‘That was an interesting statement,’ said the ranger, ‘now as to the real issues. You said that there were several possibilities?’ ‘You have just mentioned a stray bullet, you name the other options please’.’ Someone on the road, an extension of my halfton but behind me, has fired or..’and my father gave emphasis, ‘or I shot him.’ This overtook everyone, my father now stopped. ‘And?’ The ranger leaned forward, ‘our weapons were sealed and locked, you have determined that yourself, they had not been used. A few notes were made by the jury ..

‘The coroner our doctor and I have discovered something that we do not understand.’ The jury was again directly addressed by the ranger. ‘The shot was initially not fatal, the victim bled to death which lasted just over an hour.’ I studied my father's face intensely while the ranger spoke. ‘While the distance to our station was only 10 minutes driving time. His death was unnecessary. The victim died bleeding to death in the halfton. For a moment the expression of my father changed, this was not planned, so much was clear. ‘The victim bled to death in the back of he halfton and not theplace of the fatal shot, there is too little blood in comparison with the pickup. The heart has pumped an additional 1 hour and probably slightly longer  the victims blood. Here you can read it ladies and gentlemen,’ and he held the record of the coronor up.

‘There is something else that we do not understand,’ my father now looked extremely concentrated. ‘This,’ and the ranger unfolded a large sheet of paper out, ‘is a tangle of trails that one that I suspect has passed after the shot.’ The dog brigades have mapped it, starting at the site of the son and then you can see how each side track follows all sorts of paths. It goes along fens and rivers, along hillsides and across an open field. As if the person is persistent in searching for something. ‘I do not understand. Your son is shot in the field and you're going to either side and walk around there for God knows how long, ‘I am talking to the accused, ‘why?’ I had to hand it to him, the ranger led the jury least as good as my father had done.

‘I ask you, how is it that your son is in the back of your halfton dying and you do not go to the ranger station? But only report it a few hours later? Why did you go for a walkabout in the wilderness, away from your son off, I think I know the answer, but I like to hear from you.’ ‘Ladies and gentlemen of the jury, I like to point out to  you to the possibility of a lie detector test and I want to thank you for your attention, those were my questions.’ ‘We want to hear your answer,’ said the president, a gray old man in a friendly tone, ‘take your time.’ ‘That is not necessary,’ my father said. ‘That was my son, my dearly, beloved son’ and he paused, to give a dramatic effect. ‘I ran up to him and then,’ everyone leaned forward, ‘I got a blackout. I regained consciousness and ‘... ‘You were unconscious,’ interrupted the president? ‘I had fallen and I looked around me and I was lost. After some searching I found my way back and when I came to the place where my son had fallen, he was no longer there, he was gone.’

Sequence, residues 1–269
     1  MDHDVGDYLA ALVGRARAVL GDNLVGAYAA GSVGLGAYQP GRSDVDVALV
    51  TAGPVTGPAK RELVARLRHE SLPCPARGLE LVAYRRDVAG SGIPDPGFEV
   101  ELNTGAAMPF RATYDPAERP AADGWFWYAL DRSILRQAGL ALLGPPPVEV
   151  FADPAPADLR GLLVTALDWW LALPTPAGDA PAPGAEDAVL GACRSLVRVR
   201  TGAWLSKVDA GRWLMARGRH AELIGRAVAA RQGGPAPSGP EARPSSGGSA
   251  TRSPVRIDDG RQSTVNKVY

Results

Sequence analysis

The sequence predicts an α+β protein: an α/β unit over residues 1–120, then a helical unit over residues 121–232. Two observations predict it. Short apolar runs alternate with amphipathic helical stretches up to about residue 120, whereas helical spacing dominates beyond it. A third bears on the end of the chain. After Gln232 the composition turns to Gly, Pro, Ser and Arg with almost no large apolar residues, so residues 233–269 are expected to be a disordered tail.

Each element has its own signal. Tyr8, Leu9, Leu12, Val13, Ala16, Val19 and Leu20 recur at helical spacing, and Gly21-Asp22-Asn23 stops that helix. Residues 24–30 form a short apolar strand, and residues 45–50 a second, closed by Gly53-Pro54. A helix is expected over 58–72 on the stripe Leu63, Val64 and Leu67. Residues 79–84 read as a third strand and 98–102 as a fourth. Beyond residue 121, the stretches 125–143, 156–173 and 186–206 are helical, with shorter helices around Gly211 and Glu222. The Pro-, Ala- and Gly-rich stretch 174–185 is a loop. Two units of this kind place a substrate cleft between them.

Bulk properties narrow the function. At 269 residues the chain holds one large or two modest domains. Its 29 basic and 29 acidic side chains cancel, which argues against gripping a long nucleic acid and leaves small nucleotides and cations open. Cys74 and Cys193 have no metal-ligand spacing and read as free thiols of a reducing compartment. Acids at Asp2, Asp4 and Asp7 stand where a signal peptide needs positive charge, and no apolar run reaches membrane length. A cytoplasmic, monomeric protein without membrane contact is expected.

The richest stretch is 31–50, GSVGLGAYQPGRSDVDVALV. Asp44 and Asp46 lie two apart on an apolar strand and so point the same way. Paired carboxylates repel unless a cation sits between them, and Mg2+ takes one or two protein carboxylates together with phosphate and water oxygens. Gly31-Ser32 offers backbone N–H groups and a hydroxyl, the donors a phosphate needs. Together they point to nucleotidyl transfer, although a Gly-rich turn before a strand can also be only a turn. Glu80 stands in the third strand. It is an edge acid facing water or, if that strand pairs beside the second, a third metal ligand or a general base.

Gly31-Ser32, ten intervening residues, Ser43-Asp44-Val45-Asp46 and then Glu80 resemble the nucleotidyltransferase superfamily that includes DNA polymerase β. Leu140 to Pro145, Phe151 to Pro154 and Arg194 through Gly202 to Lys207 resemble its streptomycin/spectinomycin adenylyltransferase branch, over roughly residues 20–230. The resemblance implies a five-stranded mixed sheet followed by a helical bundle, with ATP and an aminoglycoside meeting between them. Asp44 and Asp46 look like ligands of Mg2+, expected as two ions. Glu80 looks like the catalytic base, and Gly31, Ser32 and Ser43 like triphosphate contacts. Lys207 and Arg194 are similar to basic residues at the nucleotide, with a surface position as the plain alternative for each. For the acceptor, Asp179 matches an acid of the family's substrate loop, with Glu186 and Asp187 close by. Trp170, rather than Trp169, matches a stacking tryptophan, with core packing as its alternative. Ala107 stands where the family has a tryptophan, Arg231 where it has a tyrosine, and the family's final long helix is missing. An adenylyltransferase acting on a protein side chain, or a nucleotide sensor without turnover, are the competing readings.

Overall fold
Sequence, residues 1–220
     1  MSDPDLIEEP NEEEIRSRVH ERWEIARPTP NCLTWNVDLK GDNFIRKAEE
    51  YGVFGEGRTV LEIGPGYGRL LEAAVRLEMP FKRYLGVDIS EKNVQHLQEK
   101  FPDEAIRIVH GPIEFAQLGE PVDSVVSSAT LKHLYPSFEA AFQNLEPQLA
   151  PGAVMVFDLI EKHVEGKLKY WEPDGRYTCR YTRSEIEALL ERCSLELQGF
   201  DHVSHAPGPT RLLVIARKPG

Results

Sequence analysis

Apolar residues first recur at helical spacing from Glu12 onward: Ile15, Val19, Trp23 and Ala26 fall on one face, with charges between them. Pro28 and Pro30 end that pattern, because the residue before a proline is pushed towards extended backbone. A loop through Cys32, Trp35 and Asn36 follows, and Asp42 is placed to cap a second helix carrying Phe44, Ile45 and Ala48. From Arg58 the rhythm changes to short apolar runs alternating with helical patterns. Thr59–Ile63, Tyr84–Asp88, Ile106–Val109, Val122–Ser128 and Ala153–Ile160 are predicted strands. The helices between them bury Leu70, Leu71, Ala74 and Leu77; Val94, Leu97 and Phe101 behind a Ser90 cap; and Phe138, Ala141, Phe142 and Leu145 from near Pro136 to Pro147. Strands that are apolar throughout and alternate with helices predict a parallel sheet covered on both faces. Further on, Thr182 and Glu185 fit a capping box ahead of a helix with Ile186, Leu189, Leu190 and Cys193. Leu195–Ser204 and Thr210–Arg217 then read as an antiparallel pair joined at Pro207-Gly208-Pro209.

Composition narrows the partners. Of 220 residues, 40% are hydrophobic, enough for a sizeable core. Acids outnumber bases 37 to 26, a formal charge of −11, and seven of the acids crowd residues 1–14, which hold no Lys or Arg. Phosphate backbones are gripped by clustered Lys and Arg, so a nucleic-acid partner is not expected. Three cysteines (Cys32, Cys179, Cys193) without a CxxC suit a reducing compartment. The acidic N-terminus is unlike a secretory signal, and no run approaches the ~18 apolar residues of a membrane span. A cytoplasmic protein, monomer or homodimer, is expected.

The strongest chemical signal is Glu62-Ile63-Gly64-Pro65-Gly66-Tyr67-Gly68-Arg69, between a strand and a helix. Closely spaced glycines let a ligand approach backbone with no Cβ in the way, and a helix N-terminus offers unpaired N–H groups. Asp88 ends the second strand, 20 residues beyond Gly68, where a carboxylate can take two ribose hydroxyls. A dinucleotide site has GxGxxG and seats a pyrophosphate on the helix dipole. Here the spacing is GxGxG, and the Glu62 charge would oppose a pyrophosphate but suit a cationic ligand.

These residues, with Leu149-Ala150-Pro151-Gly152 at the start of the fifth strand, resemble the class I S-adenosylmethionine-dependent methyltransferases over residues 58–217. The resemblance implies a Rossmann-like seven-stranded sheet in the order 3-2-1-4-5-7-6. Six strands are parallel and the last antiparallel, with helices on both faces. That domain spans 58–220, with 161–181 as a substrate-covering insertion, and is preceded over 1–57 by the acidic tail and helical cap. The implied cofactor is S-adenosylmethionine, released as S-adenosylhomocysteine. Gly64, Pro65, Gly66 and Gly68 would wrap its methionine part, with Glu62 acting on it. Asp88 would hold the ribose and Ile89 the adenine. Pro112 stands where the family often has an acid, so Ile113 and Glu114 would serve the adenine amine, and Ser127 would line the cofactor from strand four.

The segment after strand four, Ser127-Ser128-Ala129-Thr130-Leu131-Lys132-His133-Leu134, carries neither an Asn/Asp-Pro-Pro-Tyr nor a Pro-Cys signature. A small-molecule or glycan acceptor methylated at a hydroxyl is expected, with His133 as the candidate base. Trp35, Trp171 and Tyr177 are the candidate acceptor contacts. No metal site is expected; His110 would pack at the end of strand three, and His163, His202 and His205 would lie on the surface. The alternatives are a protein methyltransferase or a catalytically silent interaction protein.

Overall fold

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‘I found him back, my son, my great, great friend in my life’ and he raised his hands in despair, in the back of the halfton, gathered by the Lord. More I can not tell you, because there is no more. .’, he gave a loud sob, ‘thank you for your attention.’ The jury retired, and after what seemed like an eternity they came one by one solemnly striding inside. The chairman spoke, ‘the jury having heard all things and taken in to account all the considerations, of what has happened, have come to a conclusion. He straightened his back, ‘I would firstly want to pass my condolences with your big loss,’ he told me father, ‘then it is our opinion that this constitutes: Accidental Death Caused through great negligence.’ Hear hear, sounded the colleagues and Ohler pastor raised his hands theatrically, ‘blessed are all present here,’ he said.

Thank you Chairman said the ranger who seemed suddenly very tired and the statistics?  · 12 to 11 votes and one abstention. ‘I declare the inquest closed,’ said the ranger.

I was stunned, accidental death caused by gross negligence. I realized what a farce the court is as good people can be manipulated by evil people and be deceived. Outside I heard Ohler say, ‘this calls for a celebration, a night at the Highlander.’

San Daniel 2015